On September 27, Germany's Minister of the Interior invited representatives of Germany's Muslim community to a conference in order to institutionalise relations between the state and Germany's Muslims. This is a long overdue step, says Ülger Polat
The event was attended by thirty selected participants. On the German side, there were political representatives from the federal and state governments, and on the Muslim side, five representatives of the leading Muslim associations in Germany, along with ten leading individuals from the areas of politics, culture, the media, and business and commerce.
Highly divergent expectations
Not surprisingly, there are highly divergent expectations of this long-term dialogue between the German state and Muslims in Germany, which is expected to continue for the next two to three years.
On the German side, German Interior Minister Wolfgang Schäuble hopes to see improved religious and sociopolitical integration for Muslims in Germany. He says that the conference focuses primarily on how Muslims view German society, basic democratic values, and the role of women in Islam.
Committees will meet six times a year with representatives of Muslim associations to work out the details of a variety of new approaches, for instance, concepts for Islamic religious instruction at German schools and making it mandatory for Muslim girls to take part in gym and swimming classes. Another area of focus brought forward by the politicians is the training of imams in Germany.
Preventing Islamist violence
But tough issues like domestic security and terrorism have not been left off the agenda. Both Bavarian Interior Minister Günter Beckstein and German Interior Minister Wolfgang Schäuble agree that this meeting should contribute to enhanced domestic security.
They expect the Muslims to distance themselves, publicly and unequivocally, from violence and terror, and to report immediately to German authorities any violent members of their religious communities or associations. The politicians feel that by applying such preventative measures, Muslims can effectively help combat terrorism.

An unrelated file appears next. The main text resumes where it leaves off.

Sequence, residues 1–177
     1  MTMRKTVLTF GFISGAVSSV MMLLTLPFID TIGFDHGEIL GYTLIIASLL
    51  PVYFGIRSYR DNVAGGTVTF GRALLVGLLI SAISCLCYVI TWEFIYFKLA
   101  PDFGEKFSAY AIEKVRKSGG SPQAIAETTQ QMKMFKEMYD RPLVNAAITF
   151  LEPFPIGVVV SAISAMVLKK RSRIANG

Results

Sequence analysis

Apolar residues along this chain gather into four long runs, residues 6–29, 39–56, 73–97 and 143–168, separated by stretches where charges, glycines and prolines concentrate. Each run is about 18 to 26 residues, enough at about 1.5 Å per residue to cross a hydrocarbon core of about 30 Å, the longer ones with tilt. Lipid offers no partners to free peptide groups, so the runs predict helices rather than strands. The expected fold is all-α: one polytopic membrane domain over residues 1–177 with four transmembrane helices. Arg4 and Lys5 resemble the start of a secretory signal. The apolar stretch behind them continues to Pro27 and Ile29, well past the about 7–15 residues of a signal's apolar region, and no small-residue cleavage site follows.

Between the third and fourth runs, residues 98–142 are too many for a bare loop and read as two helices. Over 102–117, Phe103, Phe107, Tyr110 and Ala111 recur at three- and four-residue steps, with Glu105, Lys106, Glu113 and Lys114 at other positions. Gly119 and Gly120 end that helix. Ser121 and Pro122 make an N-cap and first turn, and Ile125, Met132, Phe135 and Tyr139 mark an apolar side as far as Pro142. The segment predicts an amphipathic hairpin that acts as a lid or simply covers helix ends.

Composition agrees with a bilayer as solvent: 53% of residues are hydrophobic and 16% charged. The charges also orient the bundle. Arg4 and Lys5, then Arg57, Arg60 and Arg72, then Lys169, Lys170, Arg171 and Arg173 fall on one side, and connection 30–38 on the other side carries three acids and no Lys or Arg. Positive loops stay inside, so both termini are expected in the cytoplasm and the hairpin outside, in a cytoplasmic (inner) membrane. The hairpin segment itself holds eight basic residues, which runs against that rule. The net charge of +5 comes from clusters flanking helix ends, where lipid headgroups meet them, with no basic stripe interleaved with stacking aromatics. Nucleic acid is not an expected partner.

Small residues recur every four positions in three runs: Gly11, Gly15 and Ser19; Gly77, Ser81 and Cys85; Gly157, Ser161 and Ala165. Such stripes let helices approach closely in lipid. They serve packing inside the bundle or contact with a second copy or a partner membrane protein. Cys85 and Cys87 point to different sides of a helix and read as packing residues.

On the other hand, Muslim associations hope that Islam will finally be fully recognized in Germany as a religion that enjoys the same rights as other religions, and will become an accepted part of German society. In addition, they would like to improve ties through continuous dialogue with the state and the general public in Germany.
All sides agree that the conference on Islam is an important step in the right direction. After the event, this appeared to be the general consensus among the participants. Nonetheless, the emphasis placed on certain topics in the run-up to the conference sheds light on the parameters and objectives of this dialogue.
Although in his opening speech Schäuble clearly warned against viewing all Muslims with suspicion, the expectations of the organizers show to what extent previous conceptions and highly emotional issues, such as the status of women in Islam or the alleged readiness of Muslims to resort to violence, have dominated these talks.
The Germans are primarily motivated to enter into this dialogue by a need to enhance security, and they perceive Muslims in Germany as a possible safety threat. Accordingly, at the beginning of the conference, Beckstein called on "Muslims to clearly dissociate themselves from those who spread fear and terror in Germany."
It is precisely this fear-laden perspective, however, that creates barriers to an ongoing dialogue between Muslims and Germans – a dialogue that the organizers have just announced that they want to pursue. While indirectly linking Islam with violence and terrorism, the Interior Ministry has called upon Muslims to minimize the feeling of insecurity in German society.
One has to wonder if this is even possible when such violent scenarios, connected with Muslim culture in the minds of so many people, constitute the motivating force for dialogue. The choice of participants at the conference also reflects the enormous influence of such preconceptions.
Fostering dialogue without preconceived notions
Before the conference even started, Muslim associations criticized the inclusion of Necla Kelek and Seyran Ates, pointing out that in their publications and presentations they fail to speak of Islamic life from experience within the community, but rather fuel feelings of insecurity among the German middle class.
Although this conference represents a highly worthy initiative to promote more intensive dialogue with Muslims in Germany, we clearly need to critically examine the manner in which it is conducted.
If this dialogue succeeds without preconceived notions, then we will immediately face the challenge of extending it to many other walks of life where Muslims and Germans meet.
We should be aware that the vast majority of Muslims in Germany do not belong to any Islamic association, yet pursue a religious way of life, without being represented in one of the committees at the conference.
The quality of meetings between Germans and Muslims will determine whether a feeling of loyalty or even shared identity can grow between these two groups. The conference on the Islamic community is still in its infancy. Its success will be judged by the extent to which Muslims and Germans can live together in peace and mutual respect.
© Qantara.de 2006
Translated from the German by Paul Cohen